Bladder (Struvite) Stones Mix - McDowell's Herbal Treatments

Bladder stones come in several mineral compositions. The most common stone types are oxalate and struvite and since the approach is completely different for each type, it is crucial to determine the stone type. Struvite stones in the dog are almost always formed because of the urinary changes that occur with specific types of bladder infection. Almost always a staphylococcal infection but occasionally a Proteus infection. 

Struvite stones require an alkaline pH to form while oxalate requires an acid pH to form. In the case of struvite stones, the alkaline pH required for stone formation is caused by a bacterial infection.

Struvite crystals are not unusual in normal urine and are usually of no consequence but when they are present in very large amounts together with a Staph or Proteus bladder infection, crystals can congeal into stones.

The problem begins with urea. Urea is the waste product generated in the metabolism of protein and it is removed from the body via excretion in the urine. When urine is infected with bacteria that are able to digest urea, urea is broken down into ammonia. Ammonia is toxic to the cells of the bladder wall and its presence generates further inflammation.

The proteins released in the inflammatory reaction form a matrix which the struvite crystals use to form an actual stone.

The reaction takes place only in an alkaline pH environment which is created by the ammonia.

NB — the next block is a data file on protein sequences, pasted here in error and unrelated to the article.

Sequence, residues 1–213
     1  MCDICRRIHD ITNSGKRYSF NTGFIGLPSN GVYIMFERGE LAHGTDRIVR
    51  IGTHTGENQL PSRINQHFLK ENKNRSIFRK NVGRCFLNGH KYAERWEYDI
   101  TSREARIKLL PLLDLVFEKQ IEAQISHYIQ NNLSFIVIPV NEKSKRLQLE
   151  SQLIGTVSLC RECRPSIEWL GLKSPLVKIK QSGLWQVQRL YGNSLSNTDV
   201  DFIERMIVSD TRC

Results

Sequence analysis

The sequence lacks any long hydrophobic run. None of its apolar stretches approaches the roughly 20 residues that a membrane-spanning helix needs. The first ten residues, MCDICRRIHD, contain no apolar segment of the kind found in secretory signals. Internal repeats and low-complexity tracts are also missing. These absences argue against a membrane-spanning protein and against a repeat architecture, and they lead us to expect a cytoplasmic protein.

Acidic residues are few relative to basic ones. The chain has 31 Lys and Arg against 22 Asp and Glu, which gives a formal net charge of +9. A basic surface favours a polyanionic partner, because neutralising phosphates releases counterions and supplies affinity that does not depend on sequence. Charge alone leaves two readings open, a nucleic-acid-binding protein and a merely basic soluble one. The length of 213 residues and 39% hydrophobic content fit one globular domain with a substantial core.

Some dogs with bladder stones show no symptoms of any kind and the stones are discovered incidentally but there are some symptoms that might promote a search for stones. Bloody urine, recurrent bladder infection, or straining to urinate all would raise suspicion. Occasionally stones are simply passed. Dogs with struvite stones tend to be almost all female. The breeds that appear to have an increased risk for the formation of struvite stones are the beagle, miniature schnauzer, and English cocker spaniel. In dogs, the general rule is: No infection, no bladder stone.

The herbs in my mix to treat the problem include: Uva Ursi, Rosehips, Dandelion, Echinacea, Garlic, Pellitory of the Wall and Horsetail with Bach flowers agrimony, willow, mimulus and Rescue Remedy.

Dose: 5 to 10 drops for Tiny and Small Breeds; 10 to 20 drops for Medium and Large breeds. 

Have a question? Contact McDowell's Herbal Treatments

Get in Touch

We are open Monday to Friday 9 am to 5 pm. AEST. You can also contact us by phone or email.

02 6331 3937
+61 2 6331 3937(Int)


McDowell's staff Herbalists can not diagnose your disease or illness. What they can do is offer a herbal program to assist with healing, after you have had advice from your doctor or specialist. If you have unexplained pain or symptoms, seek medical advice.

EMAIL info@mcdowellsherbal.com  |  PHONE 02 6331 3937  |  INTERNATIONAL +61 2 6331 3937